Frog Pond School

Iowa rural schools in Iowa, marked on the old maps, were planned so that students wouldn’t have to walk farther than two miles to attend classes. They were usually just one-room structures with an area to hang “wraps” and park lunch pails.

Clabe Wilson and his sisters, Rectha and Alice, attended Frog Pond School.

Rectha Mae (1890), Claiborne Daniel (1888), and Alice Madeline (1891) Wilson, Guthrie County, Iowa. Photo probably taken in Panora before 1900.

The Wilsons farmed in Section 28 in Jackson Township, Guthrie County. I believe that Frog Pond School is in the southwest corner of Section 29 in this old map.

One of Clabe Wilson’s schoolmates there was Wesley Clampitt, who became the Superintendent of the Dexter School when Clabe’s children attended there during the Great Depression. He is mentioned in Leora’s Dexter Stories.

At one time, more than 12,000 rural schools dotted the Iowa landscape, most two miles apart. Today some are in use as houses or farm buildings, others as township halls and community centers. Many have been preserved as museums.

Thanks to Kenneth Wheeler for providing a photo of this school, also known as Glendon Independent School #5

A piece of the school foundation was erected on the site marks the area where Frog Pond School used to stand.

It was fun to learn that former Frog Pond students gathered for reunions as late as 2007. This one was held at The Port Restaurant in Panora.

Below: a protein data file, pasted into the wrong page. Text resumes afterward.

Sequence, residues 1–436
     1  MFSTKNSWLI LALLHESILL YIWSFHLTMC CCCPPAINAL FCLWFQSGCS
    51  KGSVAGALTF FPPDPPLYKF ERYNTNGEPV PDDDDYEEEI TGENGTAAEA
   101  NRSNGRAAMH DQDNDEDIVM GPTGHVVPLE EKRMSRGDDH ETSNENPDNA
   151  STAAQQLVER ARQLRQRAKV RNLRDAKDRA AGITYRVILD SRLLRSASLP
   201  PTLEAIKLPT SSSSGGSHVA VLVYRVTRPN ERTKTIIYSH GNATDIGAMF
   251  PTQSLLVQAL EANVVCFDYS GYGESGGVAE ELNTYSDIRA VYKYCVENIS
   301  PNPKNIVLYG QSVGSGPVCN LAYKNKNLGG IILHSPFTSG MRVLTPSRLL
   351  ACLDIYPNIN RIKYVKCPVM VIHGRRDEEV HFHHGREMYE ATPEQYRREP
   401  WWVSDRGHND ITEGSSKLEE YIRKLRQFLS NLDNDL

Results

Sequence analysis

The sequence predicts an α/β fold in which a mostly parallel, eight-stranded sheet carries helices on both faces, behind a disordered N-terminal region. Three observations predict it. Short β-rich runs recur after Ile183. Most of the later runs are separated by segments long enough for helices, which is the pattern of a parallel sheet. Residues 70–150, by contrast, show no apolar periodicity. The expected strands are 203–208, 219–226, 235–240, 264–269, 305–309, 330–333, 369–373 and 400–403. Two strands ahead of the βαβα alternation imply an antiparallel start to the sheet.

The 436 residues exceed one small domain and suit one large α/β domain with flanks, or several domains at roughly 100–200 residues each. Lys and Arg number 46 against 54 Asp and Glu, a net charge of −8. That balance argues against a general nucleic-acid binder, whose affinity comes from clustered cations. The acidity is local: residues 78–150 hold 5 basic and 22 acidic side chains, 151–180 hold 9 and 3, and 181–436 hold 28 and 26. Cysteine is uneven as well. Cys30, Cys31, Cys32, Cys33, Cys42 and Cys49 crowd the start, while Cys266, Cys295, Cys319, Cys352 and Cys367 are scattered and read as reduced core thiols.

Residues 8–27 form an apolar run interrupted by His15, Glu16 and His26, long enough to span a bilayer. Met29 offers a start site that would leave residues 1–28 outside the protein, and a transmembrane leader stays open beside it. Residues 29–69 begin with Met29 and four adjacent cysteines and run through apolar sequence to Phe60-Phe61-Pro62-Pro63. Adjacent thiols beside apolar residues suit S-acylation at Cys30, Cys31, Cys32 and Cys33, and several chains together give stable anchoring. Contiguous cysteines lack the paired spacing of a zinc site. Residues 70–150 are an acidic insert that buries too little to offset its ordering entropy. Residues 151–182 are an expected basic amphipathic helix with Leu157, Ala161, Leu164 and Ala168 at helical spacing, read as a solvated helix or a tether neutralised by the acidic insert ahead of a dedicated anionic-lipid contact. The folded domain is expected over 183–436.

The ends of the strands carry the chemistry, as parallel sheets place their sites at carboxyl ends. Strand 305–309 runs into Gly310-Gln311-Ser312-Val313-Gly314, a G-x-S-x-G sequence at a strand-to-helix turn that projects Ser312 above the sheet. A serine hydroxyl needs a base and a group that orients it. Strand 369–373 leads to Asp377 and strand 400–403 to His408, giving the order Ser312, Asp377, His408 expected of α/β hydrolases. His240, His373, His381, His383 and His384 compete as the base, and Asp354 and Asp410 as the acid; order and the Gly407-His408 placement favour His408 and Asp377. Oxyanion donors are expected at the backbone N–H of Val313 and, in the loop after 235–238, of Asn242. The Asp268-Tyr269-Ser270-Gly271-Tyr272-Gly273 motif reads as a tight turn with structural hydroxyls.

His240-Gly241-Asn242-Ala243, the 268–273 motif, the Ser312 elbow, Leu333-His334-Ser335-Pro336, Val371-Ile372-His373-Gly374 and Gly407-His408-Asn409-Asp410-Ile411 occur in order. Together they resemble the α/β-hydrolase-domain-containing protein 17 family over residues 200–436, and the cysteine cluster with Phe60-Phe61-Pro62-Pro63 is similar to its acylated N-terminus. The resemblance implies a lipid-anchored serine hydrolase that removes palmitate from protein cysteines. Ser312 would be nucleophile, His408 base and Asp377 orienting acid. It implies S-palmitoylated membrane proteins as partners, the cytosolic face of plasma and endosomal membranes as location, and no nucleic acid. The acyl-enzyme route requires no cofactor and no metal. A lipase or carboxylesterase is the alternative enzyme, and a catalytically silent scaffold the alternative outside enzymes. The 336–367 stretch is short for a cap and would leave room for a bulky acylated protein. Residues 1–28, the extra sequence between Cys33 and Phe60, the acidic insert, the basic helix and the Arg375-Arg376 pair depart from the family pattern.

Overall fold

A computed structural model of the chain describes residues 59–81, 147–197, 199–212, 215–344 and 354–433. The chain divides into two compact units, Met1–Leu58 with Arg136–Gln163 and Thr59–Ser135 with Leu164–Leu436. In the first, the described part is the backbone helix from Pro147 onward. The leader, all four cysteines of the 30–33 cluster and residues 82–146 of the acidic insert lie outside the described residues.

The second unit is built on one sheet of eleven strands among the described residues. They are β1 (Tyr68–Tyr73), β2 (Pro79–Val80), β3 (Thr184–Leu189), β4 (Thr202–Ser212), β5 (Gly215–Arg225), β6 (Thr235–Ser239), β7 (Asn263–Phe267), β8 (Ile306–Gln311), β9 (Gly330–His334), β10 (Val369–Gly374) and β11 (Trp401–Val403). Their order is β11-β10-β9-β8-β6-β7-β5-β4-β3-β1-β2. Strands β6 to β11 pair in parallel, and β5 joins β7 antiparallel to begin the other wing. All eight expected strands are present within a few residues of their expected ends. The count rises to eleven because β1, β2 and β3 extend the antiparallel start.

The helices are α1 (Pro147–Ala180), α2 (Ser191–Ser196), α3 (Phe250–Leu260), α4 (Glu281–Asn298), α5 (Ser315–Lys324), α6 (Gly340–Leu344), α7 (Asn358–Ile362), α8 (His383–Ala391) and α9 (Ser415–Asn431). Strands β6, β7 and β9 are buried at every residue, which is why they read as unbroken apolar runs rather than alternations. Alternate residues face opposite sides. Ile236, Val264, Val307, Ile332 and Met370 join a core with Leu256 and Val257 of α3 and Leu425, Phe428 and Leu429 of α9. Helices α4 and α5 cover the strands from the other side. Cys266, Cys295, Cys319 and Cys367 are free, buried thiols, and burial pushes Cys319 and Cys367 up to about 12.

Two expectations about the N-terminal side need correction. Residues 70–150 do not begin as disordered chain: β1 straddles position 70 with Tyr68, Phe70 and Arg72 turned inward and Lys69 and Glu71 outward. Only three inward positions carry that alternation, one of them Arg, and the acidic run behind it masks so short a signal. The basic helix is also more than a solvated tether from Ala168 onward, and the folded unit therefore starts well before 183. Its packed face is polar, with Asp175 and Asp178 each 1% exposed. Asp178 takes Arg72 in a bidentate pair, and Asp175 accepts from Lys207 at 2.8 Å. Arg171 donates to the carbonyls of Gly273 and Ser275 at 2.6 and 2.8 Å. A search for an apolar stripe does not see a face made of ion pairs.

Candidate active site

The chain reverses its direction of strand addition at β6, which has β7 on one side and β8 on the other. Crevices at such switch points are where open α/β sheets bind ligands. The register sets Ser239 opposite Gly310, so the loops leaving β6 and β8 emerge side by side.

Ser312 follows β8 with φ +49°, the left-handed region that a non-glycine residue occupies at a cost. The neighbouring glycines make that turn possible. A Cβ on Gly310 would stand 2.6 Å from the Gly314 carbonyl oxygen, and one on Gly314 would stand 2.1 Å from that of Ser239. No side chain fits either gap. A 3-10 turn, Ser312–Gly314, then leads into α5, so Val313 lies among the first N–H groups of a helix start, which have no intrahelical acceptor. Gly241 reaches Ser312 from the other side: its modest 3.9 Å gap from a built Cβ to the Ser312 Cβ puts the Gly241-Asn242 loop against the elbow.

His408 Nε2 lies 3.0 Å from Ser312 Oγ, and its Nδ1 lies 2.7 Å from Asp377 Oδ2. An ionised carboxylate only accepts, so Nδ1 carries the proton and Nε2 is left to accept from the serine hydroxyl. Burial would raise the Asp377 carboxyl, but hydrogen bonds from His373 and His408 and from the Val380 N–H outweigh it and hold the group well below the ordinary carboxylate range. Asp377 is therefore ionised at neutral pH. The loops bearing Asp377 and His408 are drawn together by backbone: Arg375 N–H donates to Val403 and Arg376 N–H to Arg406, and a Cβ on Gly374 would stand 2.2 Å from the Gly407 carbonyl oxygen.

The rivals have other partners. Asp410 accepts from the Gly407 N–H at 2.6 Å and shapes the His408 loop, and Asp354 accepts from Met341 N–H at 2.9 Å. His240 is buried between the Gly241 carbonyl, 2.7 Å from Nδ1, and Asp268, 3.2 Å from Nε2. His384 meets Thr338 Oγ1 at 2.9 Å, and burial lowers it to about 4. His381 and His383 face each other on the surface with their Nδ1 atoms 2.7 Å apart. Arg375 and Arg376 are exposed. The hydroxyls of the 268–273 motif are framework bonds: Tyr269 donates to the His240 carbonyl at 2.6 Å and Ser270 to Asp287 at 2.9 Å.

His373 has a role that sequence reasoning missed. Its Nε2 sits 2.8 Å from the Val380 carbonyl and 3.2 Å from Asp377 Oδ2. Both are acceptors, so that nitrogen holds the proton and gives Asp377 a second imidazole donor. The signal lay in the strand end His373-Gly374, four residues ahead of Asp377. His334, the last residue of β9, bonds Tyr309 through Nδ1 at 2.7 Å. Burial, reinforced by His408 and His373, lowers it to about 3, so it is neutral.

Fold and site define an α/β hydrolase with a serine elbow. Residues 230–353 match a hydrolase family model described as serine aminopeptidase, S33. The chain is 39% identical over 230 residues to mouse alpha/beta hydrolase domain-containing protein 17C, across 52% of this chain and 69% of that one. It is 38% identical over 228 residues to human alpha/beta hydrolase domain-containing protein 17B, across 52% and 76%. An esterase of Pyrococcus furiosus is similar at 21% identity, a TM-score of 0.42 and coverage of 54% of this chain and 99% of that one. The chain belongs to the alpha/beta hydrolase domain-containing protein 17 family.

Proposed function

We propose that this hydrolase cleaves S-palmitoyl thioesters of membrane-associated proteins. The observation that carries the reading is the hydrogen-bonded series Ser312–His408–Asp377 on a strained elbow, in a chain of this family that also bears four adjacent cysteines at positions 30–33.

The Vedette, October 18, 2007

A tribute to the endearment of the community and rural beauty of Guthrie County, Iowa.

 

 

20 comments

    • This one is long gone, but even where ones used to be will soon be getting markers. So many have turned into other uses. Two were moved into the town of Dexter. One was our music room, the other houses 5th and 6th grade, at least when I was that age.

  1. Have always loved how they named cities and towns, and apparently schools. Of course, I’m not sure how they ever came up with two of my favorites; Weewah (Wewahitchka), Florida (I heard it was an Indian word) and Arp, Texas (did the town father’s just finish breakfast when they named it?). 🙂 Thanks for a little slice of history today Ms. Joy

  2. My wife went to the Adair country school, which was located on land donated by her grandfather, Lawrence Lehman. The building today is occupied by my wife’s niece.

    • I wonder if Adair County is getting them all recorded. Audubon County is even marking where they used to be. I signed up right away to sponsor the one the Goff children went to! Dallas County has started working on it too. That would make a wonderful blog post as well! With photos!

  3. I also didn’t know the schools were every two miles. I’ve seen a number of these in the plains communities (and Idaho) homes of my ancestors. One was named for an ancestor who provided the land, but Frog Pond is delightful! Those children had some sturdy shoes for doing all that walking.

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